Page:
A few Korean users from Humor University, Starcraft gallery in DCInside attacked the comedy program gallery board forum as an attempt to distract the Korean users on the “war front” as they did not want their rivals to take the hegemony in the future. However most of the other Koreans kept the attacks on 2ch even though there was such an internal conflict.
6:00 PM -
A Korean ”spy” found out that one of the Japanese users had set up a plan to attack a meaningful site to Korean. He detected Japanese attacks were pointing towards the Korean presidential website.
However, none of the Korean users didn’t really care about the attack on the Presidential website, because the current President of South Korea, Lee Myung Bak is very unpopular to Korean netizens and a few of them had wanted to collaborate with the Japanese to attack the Korean presidential website, and most of the Korean users laughed at this because they considered President Lee to be too pro-Japanese added with his background of being born in Osaka, Japan which doesn’t make sense for a Korean President…
One Korean user joked that “finally…our President actually helped us this time by spreading out the Japanese users, truly he did his job this time as our President.”
6:11 PM -
The Japanese next targeted the VANK (Voluntary Agency Network Of Korea) website that provides accurate information about Korea to international textbook publishing companies and other publishers. Few Koreans expected the Japanese would attack a non-related site for this particular cyber war and thus reeled from the shock. VANK has shut down their website for more than 1 hour.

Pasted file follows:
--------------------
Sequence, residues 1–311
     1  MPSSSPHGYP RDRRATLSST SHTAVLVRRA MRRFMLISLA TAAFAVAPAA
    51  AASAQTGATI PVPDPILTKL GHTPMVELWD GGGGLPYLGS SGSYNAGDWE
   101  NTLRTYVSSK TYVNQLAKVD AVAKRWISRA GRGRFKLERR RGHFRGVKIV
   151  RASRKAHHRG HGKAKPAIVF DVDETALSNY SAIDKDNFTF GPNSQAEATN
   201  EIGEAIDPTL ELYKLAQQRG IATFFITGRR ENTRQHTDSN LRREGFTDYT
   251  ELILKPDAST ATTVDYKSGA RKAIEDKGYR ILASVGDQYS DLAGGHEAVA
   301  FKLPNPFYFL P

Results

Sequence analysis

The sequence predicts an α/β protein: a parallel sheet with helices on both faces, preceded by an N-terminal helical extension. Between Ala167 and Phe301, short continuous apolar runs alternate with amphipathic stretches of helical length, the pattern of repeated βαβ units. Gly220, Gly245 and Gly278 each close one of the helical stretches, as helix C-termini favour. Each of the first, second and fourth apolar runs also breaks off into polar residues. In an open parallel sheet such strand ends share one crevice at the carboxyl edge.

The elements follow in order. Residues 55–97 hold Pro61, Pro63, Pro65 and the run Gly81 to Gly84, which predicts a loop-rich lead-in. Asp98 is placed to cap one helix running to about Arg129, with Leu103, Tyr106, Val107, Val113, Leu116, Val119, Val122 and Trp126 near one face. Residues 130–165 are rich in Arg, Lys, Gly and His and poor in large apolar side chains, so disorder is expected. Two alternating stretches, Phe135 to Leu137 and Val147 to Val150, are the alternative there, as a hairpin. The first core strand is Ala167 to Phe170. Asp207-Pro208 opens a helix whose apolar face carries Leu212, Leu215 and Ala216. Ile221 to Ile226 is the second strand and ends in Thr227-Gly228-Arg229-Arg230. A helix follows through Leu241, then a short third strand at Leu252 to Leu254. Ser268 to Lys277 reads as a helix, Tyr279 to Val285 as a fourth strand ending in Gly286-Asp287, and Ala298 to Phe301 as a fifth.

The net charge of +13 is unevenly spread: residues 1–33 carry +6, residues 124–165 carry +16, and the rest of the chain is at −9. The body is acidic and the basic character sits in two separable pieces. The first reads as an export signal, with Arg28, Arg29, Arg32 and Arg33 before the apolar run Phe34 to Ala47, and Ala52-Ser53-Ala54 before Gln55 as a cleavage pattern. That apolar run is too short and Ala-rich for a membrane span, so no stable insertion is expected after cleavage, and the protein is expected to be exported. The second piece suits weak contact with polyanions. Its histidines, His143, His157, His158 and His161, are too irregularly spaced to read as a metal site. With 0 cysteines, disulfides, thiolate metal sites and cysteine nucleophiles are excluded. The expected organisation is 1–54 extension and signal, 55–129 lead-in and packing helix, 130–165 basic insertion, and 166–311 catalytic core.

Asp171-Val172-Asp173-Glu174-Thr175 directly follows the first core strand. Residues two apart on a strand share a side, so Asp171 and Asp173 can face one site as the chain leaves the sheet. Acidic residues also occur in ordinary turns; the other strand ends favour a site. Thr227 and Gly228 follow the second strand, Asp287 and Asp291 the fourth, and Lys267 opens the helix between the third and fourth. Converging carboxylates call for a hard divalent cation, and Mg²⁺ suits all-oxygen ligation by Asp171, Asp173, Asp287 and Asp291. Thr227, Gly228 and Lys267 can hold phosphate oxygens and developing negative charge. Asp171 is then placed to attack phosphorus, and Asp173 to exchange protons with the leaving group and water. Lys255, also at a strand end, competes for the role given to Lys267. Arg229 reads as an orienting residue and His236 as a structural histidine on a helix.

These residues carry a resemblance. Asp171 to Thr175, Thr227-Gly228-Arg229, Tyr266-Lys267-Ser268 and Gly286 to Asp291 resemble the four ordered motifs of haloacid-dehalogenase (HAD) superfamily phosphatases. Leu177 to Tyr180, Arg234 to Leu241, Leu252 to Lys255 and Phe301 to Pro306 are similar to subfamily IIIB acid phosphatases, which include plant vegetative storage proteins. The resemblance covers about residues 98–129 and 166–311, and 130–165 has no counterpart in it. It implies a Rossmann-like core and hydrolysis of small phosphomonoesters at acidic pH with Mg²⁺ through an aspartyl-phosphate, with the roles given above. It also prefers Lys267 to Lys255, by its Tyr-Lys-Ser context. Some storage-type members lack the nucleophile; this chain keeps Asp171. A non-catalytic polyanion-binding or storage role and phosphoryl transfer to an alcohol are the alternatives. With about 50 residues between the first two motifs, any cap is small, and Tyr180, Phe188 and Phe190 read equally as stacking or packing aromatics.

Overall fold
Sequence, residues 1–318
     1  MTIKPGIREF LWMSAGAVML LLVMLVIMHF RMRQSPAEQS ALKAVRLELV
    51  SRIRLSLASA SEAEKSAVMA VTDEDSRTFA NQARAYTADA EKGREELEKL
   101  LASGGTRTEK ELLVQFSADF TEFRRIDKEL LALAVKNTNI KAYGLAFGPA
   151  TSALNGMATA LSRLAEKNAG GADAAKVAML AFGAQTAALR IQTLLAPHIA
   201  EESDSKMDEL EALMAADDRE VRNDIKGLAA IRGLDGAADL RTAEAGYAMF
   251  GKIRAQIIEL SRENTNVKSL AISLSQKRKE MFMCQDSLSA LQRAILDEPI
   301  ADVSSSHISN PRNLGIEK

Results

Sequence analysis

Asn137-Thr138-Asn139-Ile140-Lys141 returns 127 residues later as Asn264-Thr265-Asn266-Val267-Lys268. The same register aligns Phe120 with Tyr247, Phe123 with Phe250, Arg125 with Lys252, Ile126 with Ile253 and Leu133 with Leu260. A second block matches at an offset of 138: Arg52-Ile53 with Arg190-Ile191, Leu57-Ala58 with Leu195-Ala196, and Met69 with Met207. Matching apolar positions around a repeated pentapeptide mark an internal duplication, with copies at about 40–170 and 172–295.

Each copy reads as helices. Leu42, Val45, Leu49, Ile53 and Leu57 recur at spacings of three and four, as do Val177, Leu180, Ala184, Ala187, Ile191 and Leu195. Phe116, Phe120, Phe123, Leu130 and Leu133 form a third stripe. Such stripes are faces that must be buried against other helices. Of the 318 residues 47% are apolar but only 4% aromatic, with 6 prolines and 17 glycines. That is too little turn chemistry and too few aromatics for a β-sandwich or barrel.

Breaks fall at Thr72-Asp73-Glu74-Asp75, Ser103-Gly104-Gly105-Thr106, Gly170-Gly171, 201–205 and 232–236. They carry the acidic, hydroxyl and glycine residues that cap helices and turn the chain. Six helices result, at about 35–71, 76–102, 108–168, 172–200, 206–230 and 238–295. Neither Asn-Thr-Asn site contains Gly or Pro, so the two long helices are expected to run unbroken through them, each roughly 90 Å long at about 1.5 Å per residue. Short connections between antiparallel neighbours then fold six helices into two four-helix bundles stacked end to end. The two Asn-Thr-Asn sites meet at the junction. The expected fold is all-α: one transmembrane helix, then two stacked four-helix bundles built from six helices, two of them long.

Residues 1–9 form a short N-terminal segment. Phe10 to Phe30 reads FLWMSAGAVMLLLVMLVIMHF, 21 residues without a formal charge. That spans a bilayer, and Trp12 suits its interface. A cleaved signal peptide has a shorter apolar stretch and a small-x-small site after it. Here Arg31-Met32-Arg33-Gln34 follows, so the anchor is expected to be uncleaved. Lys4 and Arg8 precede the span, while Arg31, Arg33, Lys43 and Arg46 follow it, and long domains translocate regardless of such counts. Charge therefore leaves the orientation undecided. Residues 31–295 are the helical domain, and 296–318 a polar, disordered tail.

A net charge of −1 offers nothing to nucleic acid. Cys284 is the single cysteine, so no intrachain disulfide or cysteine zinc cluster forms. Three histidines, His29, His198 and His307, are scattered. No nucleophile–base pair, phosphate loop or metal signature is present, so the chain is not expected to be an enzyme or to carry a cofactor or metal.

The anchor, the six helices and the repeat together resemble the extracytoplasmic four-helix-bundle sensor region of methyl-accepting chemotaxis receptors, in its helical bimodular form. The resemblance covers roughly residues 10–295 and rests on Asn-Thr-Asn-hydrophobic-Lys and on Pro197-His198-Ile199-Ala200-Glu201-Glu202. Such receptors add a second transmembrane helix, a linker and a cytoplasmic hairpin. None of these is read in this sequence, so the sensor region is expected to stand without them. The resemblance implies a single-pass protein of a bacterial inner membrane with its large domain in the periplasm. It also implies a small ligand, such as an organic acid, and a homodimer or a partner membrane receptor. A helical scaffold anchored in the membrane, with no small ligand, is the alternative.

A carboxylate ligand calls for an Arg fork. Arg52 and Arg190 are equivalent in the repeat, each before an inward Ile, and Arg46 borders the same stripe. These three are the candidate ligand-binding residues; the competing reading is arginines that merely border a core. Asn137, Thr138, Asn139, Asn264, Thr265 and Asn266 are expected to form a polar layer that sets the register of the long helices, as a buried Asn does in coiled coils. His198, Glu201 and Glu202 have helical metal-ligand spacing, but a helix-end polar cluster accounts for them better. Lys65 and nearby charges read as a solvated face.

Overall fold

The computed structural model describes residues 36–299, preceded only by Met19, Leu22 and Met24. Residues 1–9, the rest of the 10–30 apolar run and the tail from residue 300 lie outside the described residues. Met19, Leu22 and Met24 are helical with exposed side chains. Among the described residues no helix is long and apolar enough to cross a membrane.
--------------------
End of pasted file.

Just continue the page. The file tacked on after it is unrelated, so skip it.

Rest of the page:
6:38 PM -
The forum board of the comedy program gallery which led this “war” was down for 4 minutes due to attacks by 2ch users. It was revived in a few seconds after.
There was a slugfest between the two belligerents, so many Korean users decided to put full effort into force and effort to attack 2ch at 8:00 P.M.
Spokesman of 2ch urged to stop the attack on the Japanese side.
2ch was shut down for nearly 8 hours, and MBC, one of the major news channels in Korea, reported about this epic cyber war on their news time.
There were several opinions from the Korean side such as “That’s enough, we’ve shut down the Japanese website for more than 9 hours”, yet a more aggressive group insisted to “fight until that website goes down to hell.” These kinds of events naturally goes down to the individual level and is up to the people themselves who participated whether to go on or not. As of this moment, only half of the 2ch servers are “revived”, yet the entire website is still shut down at this time of the publishing of this article.
This event gave us much knowledge, some sarcastic and some serious.
Defense is very important for war, obviously in such an enviroment where manuverability is limitless it is even more important which means as technology progresses there are always those who might abuse it and such measures should be taken in that case in any given situation.
Information is power, according to Sun Tzu knowing all information regarding war is benefitial to your steps toward “victory” and it is evidently true from observing this timeline of events.
One can, without much thought, predict even further hostilities between the two Asian nations as both progresses more into the 21st century over their history and cultural differences.
However, it is a relief to see that this dispute was “solved” by mental or ’cyber war’ which is much more better than actual wars involving guns and soldiers. Some awe mixes into this as both sides clearly showed such understanding with today’s available technology. I hope that there will be a chance in the future to better communications between the Korean and the Japanese, but that future day seems to be very far off just by looking at a “war” in the limitless space of the Internet.